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Reconsidering Parenting through an Autism Lens

Updated: Jan 31, 2023

Originally posted on Autistic Social Worker

What is Parenting?

Parenting is a privilege. You have the responsibility for supporting another life, or lives, to grow, develop and thrive. In the UK, respective home countries’ laws encapsulate this emphasising the need to assume these responsibilities to earn the rights associated with being a parent.

Parenting is also hard. It takes years of effort, focus, understanding and skills which shift and change over time. It is a perpetual learning journey.

But parenting is a social construct. It is shaped by your experience, your identities, your family scripts, your culture and your socio-political context. Parenting is not a universally shared single experience. So what does good parenting look like? Depends on who’s asking, where, when and why.

As an Autistic Parent

So, I'm looking from this aspect of my experience first. I love being a parent. I love being a parent to Autistic children. In a way, I am glad we are all Autistic as my family is the only place I truly feel like I belong, where I connect. It has meaning, we, together have shared meaning. Well, most of the time.

Teenagers of any neurotype can be challenging to understand, grow with, to re-evaluate our own knowledge and skills as a parent. As can toddlers. In fact, children are amazingly good at highlighting all insecurities, and skills gaps or questioning what we actually ‘know’.

I took a long time to unlearn that parenting is varied – and providing you are not harming yourself or someone else, that's OK. There is no written rule around parenting and, in fact, trends and behaviours shift and change between and within generations.

I couldn’t understand what the big deal was around toddler groups. In fact, I loathed them. They made me and my child stand out, like a gladiator forum, with a crowd of Romans pointing thumbs down every time I tried to be one of them. I couldn’t see the benefit – I sat on my own, or with a few folk I knew and thought they liked me, and my child played on their own. As did most other children, because, that is what they do at that age! And yet we were still clearly different.

I also learned that hugs were not the only way to nurture, to care, to connect. We don’t say I love you. We aren’t demonstrative with affection. But we tell each other that we love and care in different ways. A flick on my nose from my youngest, leaning in from another. Sharing information about something interesting from my eldest and a desire to just be with me, in the same house if not the same room are all signs to me that we are good.

Sometimes I get it wrong (OK, I have gotten things wrong). I misunderstood how my eldest felt when he wanted to stop doing something. I didn’t see how sad my middle girl was at school (until she found a way to share that with me that I got). I cant always tolerate loud noises and my youngest loves noise (made by them). Sometimes our needs collide and I need to work harder to find solutions for us all

So, for me, there are three key aspects of parenting:

  1. Connection - Learn to know your child, feel their rhythms, and attune to their emotional needs. You don’t need to be able to name these emotions, just identify how they underly and inform what your child does and responds to. Our connection can be unspoken, understated but strong. It’s an orchestra of vibes, a power of energies, an alignment of reciprocity. As Autistic people, we can be good at connecting empathically. We also can pick up patterns, and be hyper-vigilant to change. These, I believe are all strengths when connecting with your child.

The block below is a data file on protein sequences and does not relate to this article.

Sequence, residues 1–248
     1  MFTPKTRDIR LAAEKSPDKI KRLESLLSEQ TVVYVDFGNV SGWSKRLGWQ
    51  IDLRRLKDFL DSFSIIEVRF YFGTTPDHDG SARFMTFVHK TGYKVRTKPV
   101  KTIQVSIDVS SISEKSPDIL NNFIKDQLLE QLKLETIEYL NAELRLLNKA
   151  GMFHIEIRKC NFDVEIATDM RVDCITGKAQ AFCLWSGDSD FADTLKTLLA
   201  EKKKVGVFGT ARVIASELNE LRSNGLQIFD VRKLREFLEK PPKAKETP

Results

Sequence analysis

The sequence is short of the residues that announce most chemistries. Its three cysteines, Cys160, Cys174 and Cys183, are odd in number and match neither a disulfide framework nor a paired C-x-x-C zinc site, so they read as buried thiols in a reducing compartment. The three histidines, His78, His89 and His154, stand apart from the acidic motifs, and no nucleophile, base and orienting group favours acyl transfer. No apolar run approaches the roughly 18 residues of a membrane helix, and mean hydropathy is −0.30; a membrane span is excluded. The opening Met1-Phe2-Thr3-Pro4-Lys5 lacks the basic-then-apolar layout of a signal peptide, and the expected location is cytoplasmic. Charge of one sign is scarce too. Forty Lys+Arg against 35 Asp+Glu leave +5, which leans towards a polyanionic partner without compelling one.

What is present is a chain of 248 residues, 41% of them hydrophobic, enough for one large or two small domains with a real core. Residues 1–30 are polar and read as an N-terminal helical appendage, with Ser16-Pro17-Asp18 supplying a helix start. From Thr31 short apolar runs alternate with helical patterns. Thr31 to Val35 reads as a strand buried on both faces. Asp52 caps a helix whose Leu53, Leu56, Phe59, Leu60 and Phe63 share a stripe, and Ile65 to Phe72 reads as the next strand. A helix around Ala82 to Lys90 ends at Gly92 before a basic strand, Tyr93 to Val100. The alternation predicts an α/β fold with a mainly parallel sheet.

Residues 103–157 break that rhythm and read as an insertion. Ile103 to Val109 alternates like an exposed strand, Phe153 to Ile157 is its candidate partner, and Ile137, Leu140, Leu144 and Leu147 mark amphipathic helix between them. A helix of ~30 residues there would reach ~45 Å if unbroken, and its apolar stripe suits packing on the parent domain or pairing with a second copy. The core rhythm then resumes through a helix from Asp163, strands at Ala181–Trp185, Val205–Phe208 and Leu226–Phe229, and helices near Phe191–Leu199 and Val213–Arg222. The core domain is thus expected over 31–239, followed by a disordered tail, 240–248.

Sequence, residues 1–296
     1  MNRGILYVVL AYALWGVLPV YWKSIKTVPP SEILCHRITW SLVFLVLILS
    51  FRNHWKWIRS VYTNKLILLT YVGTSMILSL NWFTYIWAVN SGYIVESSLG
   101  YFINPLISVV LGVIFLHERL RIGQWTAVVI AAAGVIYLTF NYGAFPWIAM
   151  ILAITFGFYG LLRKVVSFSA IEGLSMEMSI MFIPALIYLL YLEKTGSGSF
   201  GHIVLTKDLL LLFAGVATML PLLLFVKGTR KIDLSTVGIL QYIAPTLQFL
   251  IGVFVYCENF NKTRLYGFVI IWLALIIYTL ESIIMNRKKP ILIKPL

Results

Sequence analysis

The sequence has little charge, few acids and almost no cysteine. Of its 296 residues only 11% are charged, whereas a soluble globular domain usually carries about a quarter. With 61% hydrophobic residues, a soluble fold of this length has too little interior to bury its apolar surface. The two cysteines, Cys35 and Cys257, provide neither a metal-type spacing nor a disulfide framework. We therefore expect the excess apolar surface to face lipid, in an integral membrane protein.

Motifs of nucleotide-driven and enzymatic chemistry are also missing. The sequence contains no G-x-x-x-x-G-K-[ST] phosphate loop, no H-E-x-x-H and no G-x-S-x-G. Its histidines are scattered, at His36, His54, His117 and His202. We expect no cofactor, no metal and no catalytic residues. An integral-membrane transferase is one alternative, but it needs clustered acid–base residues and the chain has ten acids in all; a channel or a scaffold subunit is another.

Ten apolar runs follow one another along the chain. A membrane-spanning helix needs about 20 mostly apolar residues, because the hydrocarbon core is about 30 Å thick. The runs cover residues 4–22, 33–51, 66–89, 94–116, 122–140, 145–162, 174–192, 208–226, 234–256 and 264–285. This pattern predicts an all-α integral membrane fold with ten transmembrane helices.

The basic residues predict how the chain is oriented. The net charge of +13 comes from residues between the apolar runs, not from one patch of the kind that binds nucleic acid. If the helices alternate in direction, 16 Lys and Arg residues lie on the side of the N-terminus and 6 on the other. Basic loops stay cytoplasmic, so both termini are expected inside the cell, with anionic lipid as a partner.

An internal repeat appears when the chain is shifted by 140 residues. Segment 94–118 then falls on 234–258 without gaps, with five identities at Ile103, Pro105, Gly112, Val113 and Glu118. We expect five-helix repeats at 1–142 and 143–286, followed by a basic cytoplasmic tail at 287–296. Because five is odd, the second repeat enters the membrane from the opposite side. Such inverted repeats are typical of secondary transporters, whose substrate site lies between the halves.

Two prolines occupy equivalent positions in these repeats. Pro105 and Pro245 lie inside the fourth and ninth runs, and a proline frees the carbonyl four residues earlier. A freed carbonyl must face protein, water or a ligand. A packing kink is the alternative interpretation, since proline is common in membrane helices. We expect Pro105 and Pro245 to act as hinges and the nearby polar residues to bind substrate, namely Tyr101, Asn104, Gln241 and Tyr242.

2. Communication - So how do you know, how does that connection present? How Autistic people communicate may not be the same as how neurotypical people communicate, be it emotions, need or wants. I am not arrogant enough to believe I know everything about my children, or their wants and needs. So, I need to remain open, curious and interested. I need to keep learning and adjust and adapt when I can. Communication can be spoken, verbalised in other ways, through other mediums such as imagery or creative process, or through behaviour. It can be obvious such as leaving a room, stimming, unassuming such as a murmur, a song, a blink. What is important is that the communication is shared, understood by each other and valued. The parts make up the whole, and equally the whole indicates the parts of what the other person is trying to convey and what you need to focus on. I can have a conversation without saying a word. I kind of like it when that happens as that space belongs exclusively to us. It is precious.

  3. Collaboration - I am all for boundaries don’t get me wrong. They can identify when to stop, how far to go, and what is safe for both a child and a parent. Consent for example is a really important boundary. Collaboration is the shared development of what can be, what is needed for the safe, respectful, authentic development of a parent-child relationship and the identities within this.

And do you know what, this should be for all parenting, not just a neurodivergent mindset? We have transcended the restrictions of the observable, the set requirements of behaviour (while still maintaining respectful valuing of others). We are just waiting for the rest of the human species to catch up. These are not new ideas. If you are looking for an approach that will enhance and illuminate your practice then books such as Ross Greene's work (the Collaborative and Proactive Solutions approach) are a good place to start (


Please click here for access to the full article expanding on Jenni's role as an Autistic social worker and how to support Autistic parents if you are a social worker.

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